Our physiotherapist will prescribe stretching and strengthening exercises to correct any muscle imbalances. Eccentric muscle strength training helps prevent and treat injuries that occur when high stresses are placed on the tendon during closed kinetic chain activities. Eccentric contractions occur as the contracted muscle lengthens. Closed kinetic chain activities means the foot is planted on the floor as the knee bends or straightens.
We often recommend flexibility exercises designed for the thigh and calf muscles. Specific exercises are used to maximize control and strength of the quadriceps muscles. We will show you how to ease back into jumping or running sports using good training techniques. Off-season strength training of the legs, and particularly the quadriceps muscles is advised.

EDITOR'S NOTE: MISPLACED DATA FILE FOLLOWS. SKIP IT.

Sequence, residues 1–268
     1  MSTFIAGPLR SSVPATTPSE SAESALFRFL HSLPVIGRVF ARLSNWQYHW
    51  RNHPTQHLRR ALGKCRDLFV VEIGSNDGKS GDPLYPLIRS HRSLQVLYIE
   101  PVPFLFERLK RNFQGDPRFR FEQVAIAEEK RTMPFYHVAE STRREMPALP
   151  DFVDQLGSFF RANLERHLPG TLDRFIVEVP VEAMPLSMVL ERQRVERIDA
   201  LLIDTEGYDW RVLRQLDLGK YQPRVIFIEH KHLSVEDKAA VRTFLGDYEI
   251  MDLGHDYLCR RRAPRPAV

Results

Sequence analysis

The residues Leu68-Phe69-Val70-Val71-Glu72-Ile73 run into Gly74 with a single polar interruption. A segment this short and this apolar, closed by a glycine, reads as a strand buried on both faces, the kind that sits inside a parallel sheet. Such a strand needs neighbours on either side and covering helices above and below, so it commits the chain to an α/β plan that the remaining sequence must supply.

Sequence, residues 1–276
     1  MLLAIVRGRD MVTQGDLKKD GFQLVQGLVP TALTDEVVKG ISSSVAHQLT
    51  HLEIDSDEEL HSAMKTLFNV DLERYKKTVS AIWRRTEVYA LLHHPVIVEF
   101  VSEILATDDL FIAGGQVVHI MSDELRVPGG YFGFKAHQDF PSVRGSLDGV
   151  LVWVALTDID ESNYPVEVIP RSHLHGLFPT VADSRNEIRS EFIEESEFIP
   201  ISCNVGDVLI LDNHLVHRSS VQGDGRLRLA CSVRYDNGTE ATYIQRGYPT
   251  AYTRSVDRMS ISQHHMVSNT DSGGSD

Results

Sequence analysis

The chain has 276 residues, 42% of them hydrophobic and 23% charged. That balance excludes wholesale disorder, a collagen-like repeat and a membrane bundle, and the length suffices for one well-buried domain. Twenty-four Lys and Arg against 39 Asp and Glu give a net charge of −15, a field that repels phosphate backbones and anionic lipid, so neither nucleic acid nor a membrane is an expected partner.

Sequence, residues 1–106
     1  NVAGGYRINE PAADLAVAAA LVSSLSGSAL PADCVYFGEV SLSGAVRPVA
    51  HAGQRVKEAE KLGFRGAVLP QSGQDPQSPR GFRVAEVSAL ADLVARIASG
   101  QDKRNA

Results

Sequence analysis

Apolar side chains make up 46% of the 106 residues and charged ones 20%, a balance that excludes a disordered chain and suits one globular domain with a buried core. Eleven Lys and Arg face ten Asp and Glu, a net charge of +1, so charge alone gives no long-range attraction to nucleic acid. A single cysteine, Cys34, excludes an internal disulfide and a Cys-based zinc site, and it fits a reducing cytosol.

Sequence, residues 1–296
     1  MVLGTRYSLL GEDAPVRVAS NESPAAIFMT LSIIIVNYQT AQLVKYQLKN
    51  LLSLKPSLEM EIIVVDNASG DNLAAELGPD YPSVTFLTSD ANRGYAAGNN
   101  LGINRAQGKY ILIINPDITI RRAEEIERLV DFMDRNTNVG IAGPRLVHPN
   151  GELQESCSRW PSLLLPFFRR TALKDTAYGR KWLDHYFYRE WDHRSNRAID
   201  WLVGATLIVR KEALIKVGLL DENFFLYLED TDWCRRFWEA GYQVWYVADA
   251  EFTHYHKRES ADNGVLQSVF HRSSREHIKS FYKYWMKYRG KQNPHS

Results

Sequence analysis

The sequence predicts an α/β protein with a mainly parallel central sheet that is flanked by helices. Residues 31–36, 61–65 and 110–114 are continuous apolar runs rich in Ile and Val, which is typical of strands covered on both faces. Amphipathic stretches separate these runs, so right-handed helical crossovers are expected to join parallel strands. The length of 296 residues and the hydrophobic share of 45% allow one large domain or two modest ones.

Bracing or taping the patella can help you do exercises and activities with less pain. Most braces for patellofemoral problems are made of soft fabric, such as cloth or neoprene. You slide them onto your knee like a sleeve. A small buttress pads the side of the patella to keep it lined up within the groove of the femur. An alternative to bracing is to tape the patella in place. Our physiotherapist can apply and adjust the tape over the knee to help realign the patella. The idea is that by bracing or taping the knee, the patella stays in better alignment within the femoral groove. This in turn is thought to improve the pull of the quadriceps muscle so that the patella stays lined up in the groove. Patients report less pain and improved function with these forms of treatment.